Miller v. Johnson
|Miller v. Johnson|
|Argued April 19, 1995|
Decided June 29, 1995
|Full case name||Zell Miller v. Davida Johnson|
|Citations||515 U.S. 900 (more)|
|Prior||On appeal from U.S. District Court for the Southern District of Georgia. Together with No. 94-797, Abrams et al. v. Johnson et al., and No. 94-929, United States v. Johnson et al., also on appeal from the same court.|
|Georgia's congressional redistricting plan violates the Equal Protection Clause.|
|Majority||Kennedy, joined by Rehnquist, O'Connor, Scalia, Thomas|
|Dissent||Ginsburg, joined by Stevens, Breyer, Souter (except as to Part III-B)|
|Equal Protection Clause|
Miller v. Johnson, 515 U.S. 900 (1995), was a United States Supreme Court case concerning "affirmative gerrymandering/racial gerrymandering", where racial minority-majority electoral districts are created during redistricting to increase minority Congressional representation.
Only one of Georgia's ten congressional districts was primarily African American between 1980 and 1990. According to the 1990 Census, Georgia's increase in population entitled the state to an eleventh congressional seat. That prompted Georgia's General Assembly to re-draw the state's congressional districts. After the Justice Department denied several of the Assembly's proposed new districts, as the state's population was 27% African-American, but formed a majority in only one of the now 11 districts, the Assembly drew the 11th district to create a second majority-black district. However the district lacked any sort of organic structure, and was deemed a "geographic monstrosity" because it extended approximately 260 square miles from Atlanta to the Atlantic Ocean. The case was brought to court by white voters in the Eleventh Congressional District of the state of Georgia.
Question before the Supreme Court
Is racial gerrymandering of the congressional redistricting process a violation of the Equal Protection Clause?
Decision of the Court
Justice Kennedy wrote the majority opinion for the Court. Ruling against the district, the Court declared the district unconstitutional under the Equal Protection Clause of the Fourteenth Amendment, according to the interpretation in Shaw v. Reno (1993). The court noted that in some instances, "a reapportionment plan may be so highly irregular and bizarre in shape that it rationally cannot be understood as anything other than an effort to segregate voters based on race." Citing Shaw v. Reno, the majority concluded that strict scrutiny is required whenever race is the "overriding, predominant force" in the redistricting process. Justice Sandra Day O'Connor wrote a concurrence, while Justice Ruth Bader Ginsburg wrote a dissent joined by Justices John Paul Stevens, Stephen G. Breyer, and David H. Souter. Stevens wrote an additional, separate dissent joined by no other justice.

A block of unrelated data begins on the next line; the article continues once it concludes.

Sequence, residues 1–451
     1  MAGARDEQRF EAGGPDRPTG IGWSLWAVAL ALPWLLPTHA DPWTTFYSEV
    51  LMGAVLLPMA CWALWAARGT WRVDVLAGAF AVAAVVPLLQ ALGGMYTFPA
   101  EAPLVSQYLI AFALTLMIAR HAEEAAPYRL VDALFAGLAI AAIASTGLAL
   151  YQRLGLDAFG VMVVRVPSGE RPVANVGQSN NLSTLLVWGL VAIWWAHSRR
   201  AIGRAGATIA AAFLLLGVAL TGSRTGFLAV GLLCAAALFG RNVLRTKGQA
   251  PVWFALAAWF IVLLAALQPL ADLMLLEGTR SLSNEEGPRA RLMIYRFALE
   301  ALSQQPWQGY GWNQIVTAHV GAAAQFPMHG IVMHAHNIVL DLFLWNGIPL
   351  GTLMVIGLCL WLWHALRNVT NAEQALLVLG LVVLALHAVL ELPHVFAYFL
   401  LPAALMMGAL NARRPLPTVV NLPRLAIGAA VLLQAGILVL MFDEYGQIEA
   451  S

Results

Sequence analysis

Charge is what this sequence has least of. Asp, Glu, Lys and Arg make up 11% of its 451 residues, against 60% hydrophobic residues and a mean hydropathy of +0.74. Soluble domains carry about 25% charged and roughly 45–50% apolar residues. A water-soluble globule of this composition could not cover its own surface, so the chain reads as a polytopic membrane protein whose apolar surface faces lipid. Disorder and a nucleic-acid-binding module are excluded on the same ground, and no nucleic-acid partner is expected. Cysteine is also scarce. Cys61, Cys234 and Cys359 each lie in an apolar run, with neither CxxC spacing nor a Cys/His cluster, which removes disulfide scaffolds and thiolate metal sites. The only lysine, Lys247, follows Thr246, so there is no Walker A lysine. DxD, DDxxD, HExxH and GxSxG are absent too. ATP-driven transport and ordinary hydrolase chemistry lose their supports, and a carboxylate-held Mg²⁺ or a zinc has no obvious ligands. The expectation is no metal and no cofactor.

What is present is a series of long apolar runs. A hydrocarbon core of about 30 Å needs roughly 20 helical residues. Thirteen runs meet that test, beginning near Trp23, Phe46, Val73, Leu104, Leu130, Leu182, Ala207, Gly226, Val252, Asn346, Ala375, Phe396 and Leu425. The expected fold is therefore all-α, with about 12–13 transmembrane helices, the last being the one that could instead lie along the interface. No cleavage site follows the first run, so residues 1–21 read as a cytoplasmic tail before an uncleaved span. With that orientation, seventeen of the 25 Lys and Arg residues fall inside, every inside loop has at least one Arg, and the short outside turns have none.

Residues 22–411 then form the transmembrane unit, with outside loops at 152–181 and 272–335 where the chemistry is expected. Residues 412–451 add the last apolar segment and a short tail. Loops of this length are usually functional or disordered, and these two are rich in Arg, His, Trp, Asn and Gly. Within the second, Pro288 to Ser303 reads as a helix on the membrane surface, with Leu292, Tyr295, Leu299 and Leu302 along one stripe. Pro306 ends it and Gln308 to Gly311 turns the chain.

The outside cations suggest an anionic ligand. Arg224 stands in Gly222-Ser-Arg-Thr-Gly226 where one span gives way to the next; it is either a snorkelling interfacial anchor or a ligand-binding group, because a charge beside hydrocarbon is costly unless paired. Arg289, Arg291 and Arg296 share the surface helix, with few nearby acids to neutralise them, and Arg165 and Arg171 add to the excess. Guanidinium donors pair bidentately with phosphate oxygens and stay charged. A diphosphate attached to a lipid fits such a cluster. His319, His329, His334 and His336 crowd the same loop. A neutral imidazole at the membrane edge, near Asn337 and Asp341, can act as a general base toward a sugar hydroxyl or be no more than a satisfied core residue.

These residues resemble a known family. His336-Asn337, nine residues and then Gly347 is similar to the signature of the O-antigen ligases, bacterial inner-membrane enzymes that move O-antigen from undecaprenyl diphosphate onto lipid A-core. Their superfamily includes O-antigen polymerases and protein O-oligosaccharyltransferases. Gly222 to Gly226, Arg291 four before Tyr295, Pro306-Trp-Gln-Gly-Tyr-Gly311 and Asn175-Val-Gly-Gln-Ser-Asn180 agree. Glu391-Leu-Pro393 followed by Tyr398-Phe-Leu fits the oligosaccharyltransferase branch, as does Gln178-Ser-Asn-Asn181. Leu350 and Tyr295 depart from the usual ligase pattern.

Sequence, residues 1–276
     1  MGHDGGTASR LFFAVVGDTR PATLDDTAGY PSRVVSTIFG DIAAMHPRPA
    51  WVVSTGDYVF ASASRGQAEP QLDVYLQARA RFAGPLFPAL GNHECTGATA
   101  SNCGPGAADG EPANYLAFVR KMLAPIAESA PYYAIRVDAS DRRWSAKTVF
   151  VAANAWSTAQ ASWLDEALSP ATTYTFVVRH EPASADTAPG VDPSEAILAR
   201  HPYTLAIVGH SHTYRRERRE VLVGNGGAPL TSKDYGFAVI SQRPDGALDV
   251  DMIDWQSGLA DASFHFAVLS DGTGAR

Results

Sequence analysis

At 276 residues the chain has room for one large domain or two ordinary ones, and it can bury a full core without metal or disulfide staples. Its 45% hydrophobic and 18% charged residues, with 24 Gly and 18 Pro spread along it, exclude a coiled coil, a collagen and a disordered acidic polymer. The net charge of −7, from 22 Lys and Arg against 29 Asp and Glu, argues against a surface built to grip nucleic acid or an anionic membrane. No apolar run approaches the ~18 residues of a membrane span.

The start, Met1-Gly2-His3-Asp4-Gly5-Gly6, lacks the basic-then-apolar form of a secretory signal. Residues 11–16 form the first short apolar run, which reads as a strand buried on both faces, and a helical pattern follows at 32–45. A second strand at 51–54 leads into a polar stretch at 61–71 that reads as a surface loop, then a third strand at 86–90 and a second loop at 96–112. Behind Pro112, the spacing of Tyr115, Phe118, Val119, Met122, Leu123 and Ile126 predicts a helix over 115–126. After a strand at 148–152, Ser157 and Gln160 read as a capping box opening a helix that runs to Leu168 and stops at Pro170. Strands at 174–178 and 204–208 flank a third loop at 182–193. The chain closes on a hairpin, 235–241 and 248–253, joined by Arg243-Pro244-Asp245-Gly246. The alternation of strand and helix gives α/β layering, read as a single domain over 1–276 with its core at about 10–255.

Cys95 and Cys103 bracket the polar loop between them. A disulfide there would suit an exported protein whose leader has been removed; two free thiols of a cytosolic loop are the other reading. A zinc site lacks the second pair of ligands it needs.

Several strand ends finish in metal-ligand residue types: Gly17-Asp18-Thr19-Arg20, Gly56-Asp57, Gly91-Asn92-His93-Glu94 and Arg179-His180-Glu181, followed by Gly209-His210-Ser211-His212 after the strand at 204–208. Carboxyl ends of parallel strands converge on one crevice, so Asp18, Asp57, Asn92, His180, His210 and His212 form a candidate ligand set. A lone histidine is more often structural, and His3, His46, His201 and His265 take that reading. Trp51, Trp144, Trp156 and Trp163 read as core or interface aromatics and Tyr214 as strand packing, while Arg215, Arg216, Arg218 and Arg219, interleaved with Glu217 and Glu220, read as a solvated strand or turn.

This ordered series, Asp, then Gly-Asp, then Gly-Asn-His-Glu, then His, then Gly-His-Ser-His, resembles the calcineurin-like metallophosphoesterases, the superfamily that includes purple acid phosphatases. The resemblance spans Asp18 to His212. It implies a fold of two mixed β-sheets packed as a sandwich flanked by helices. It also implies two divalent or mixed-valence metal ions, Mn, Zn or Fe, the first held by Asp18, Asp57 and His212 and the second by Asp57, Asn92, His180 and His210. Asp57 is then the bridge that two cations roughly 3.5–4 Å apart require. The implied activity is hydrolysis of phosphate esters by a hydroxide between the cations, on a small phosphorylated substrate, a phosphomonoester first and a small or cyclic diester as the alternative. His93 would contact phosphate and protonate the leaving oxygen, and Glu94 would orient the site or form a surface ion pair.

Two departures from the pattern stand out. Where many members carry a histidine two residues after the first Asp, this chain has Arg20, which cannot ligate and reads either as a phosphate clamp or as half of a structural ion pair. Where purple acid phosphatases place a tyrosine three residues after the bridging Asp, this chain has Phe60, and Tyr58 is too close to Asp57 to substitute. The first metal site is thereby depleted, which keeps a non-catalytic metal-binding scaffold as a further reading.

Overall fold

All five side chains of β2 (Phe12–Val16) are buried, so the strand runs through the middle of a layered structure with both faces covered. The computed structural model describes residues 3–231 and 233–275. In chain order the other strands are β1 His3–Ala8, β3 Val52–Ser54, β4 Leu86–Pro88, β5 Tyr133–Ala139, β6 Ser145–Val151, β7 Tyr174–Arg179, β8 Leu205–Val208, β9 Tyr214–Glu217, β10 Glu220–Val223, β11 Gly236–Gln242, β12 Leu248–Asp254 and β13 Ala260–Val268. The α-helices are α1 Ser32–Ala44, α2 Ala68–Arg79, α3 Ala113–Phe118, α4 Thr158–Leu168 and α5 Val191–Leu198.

- Georgia v. Ashcroft, 539 U.S. 461 (2003): Georgia State Senate redistricting case
- Wesberry v. Sanders, 376 U.S. 1 (1964): Earlier Georgia congressional redistricting case
- List of United States Supreme Court cases, volume 515
- Text of Miller v. Johnson, 515 U.S. 900 (1995) is available from: Cornell CourtListener Findlaw Justia Library of Congress
- Cimino, Chapin (1997). "Class-Based Preferences in Affirmative Action Programs after Miller v Johnson: A Race-Neutral Option, or Subterfuge?". The University of Chicago Law Review. 64 (4): 1289–1310. doi:10.2307/1600217. JSTOR 1600217.
- Leib, Jonathan I. (August 1998). "Communities of interest and minority districting after Miller v. Johnson". Political Geography. 17 (6): 683–689. doi:10.1016/S0962-6298(97)00032-2.CS1 maint: ref=harv (link)
- Rush, Mark E. (January 1, 1995). "From Shaw v. Reno to Miller v. Johnson: Minority Representation and State Compliance with the Voting Rights Act". Publius: The Journal of Federalism. 25 (3): 155–172. doi:10.1093/oxfordjournals.pubjof.a038202.
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